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February 05, 2008

Communication Breakdown

In researching the Security and Society focus area for the upcoming set of GIO deep dives, there has been a surprising amount of philosophical pondering among the team. On the surface, the topic seems rather uncomplicated. But upon closer inspection, myriad subtleties begin to present themselves.

For example, what does security really mean? Where does personal security end and national security begin? What’s the difference between security and safety?

All of these questions and more will be tackled by far greater minds than our own when the deep dives kick off in April. But in the meantime, there are lots of interesting angles to explore right here on the pages of the GIO blog.

One of those angles is surfacing right now in the Middle East. In just the past week, four undersea communications cables have been cut, disrupting internet service from Singapore to Bangalore, and throughout Egypt and the United Arab Emirates. The cause of the problem is still undetermined, but officials have already ruled out their first explanation: that wayward ships dropped anchor on the cables. With every passing day, sabotage seems more likely.

Whatever the ultimate cause for the disruptions, the phenomenon brings into focus the world’s sudden and nearly complete reliance on global communications, and how surprisingly fragile those communications are. Though telecommunications has been around since the early 1800s, it wasn’t until the advent of the Internet that the power of this medium took hold in a global sense. In a very short amount of time – less than 20 years – the world has grown fantastically interdependent, each region becoming increasingly affected by the actions of its global neighbors. As such, the number of so-called “points-of-failure” has increased exponentially, and our ability to police and secure those vulnerabilities, thereby protecting the critical channels of global commerce, has been greatly diminished.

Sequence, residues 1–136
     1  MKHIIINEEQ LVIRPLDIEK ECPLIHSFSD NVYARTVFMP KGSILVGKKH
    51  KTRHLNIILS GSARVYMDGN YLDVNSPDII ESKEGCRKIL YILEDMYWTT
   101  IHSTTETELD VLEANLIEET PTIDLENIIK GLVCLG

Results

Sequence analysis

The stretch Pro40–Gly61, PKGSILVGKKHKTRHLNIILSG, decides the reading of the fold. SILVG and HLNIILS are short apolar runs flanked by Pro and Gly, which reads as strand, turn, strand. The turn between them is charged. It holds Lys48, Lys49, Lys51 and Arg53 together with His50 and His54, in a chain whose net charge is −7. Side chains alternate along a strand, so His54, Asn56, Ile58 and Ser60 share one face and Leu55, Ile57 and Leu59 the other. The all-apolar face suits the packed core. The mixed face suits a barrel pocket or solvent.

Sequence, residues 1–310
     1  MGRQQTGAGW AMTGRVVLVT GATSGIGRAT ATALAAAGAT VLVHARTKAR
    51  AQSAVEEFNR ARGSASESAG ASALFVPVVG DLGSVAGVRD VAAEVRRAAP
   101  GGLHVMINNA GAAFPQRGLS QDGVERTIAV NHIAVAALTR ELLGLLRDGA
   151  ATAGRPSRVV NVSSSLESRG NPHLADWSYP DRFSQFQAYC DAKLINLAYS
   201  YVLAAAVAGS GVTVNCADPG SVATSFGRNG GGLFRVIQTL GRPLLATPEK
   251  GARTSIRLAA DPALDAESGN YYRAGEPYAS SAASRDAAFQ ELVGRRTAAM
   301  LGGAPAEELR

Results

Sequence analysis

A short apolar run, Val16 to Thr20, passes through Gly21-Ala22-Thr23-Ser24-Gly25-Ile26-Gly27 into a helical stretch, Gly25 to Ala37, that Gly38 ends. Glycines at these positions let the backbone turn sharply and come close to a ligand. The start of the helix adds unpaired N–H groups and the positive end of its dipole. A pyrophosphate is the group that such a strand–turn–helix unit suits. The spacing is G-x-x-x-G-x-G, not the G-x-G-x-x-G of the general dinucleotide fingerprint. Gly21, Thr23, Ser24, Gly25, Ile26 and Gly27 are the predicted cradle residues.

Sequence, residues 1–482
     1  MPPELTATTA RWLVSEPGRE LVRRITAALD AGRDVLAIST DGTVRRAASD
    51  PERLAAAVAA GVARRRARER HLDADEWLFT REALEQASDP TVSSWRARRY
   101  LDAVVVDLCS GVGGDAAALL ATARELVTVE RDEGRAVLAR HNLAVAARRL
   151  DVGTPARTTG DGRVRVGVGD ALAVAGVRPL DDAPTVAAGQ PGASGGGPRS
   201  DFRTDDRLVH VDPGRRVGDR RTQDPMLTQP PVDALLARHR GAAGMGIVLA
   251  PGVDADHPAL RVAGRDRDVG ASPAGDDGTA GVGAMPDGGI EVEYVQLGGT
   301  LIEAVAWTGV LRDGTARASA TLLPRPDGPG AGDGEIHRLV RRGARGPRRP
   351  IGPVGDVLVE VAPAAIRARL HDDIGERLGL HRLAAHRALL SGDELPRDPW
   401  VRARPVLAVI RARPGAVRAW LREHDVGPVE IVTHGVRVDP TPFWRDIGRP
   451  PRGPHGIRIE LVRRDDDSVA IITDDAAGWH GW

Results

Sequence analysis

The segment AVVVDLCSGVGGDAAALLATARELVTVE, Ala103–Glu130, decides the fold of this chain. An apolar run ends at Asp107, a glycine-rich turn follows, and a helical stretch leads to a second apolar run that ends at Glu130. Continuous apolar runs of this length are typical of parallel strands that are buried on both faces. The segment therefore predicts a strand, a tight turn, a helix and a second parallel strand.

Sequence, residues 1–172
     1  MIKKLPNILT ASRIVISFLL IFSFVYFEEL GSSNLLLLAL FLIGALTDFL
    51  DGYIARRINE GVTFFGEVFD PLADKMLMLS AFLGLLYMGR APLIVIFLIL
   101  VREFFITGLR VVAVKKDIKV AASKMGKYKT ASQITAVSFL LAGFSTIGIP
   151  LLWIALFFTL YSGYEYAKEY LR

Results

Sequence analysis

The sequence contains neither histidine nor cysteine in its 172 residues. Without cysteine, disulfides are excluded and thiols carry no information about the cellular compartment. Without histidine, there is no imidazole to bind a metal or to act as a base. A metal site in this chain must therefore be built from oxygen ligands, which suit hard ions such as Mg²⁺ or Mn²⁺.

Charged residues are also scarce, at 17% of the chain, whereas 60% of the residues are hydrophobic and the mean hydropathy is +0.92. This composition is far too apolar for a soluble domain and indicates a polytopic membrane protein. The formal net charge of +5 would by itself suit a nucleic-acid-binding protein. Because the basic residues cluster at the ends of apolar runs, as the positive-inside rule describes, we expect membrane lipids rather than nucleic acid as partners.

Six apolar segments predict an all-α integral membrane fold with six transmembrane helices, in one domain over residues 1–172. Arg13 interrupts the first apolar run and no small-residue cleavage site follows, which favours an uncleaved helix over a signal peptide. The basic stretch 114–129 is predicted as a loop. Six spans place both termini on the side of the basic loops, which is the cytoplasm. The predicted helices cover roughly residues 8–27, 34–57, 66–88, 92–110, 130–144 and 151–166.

It is also a stark reminder that no matter how digital we become, communications are still grounded in physical reality. Whether it is satellites, cell towers, or hard wires that run the length of the seas, we still live in a physical world. Damage to those physical structures can result in millions of dollars lost, and lives put in danger. We won't know for weeks how much India's outsourcing call centers have lost due to the service slowdowns of the past week.

One quote from the International Herald Tribune’s coverage of the cable cuts is particularly enlightening. Colonel R. S. Parihar, secretary of the Internet Service Providers Association of India, said “this has been a real eye-opener for us, and everyone in the telecom industry worldwide. Today the cause may have been an anchor, but what if it is sabotage tomorrow? These [cables] are owned by private operators, and there are no governments or armies protecting them.”

Parihar’s point is well taken. It is a classic question of whether the private sector has too much responsibility for the security of the Internet. And what role should government be playing?

The need for collaborative efforts between the government and the private sector in industries that have global security implications is nothing new. But because the Internet has evolved so rapidly, these relationships are immature at best, and in many cases non-existent. Perhaps getting the right players together through the GIO will help.

February 5, 2008 in Security and Society | Permalink


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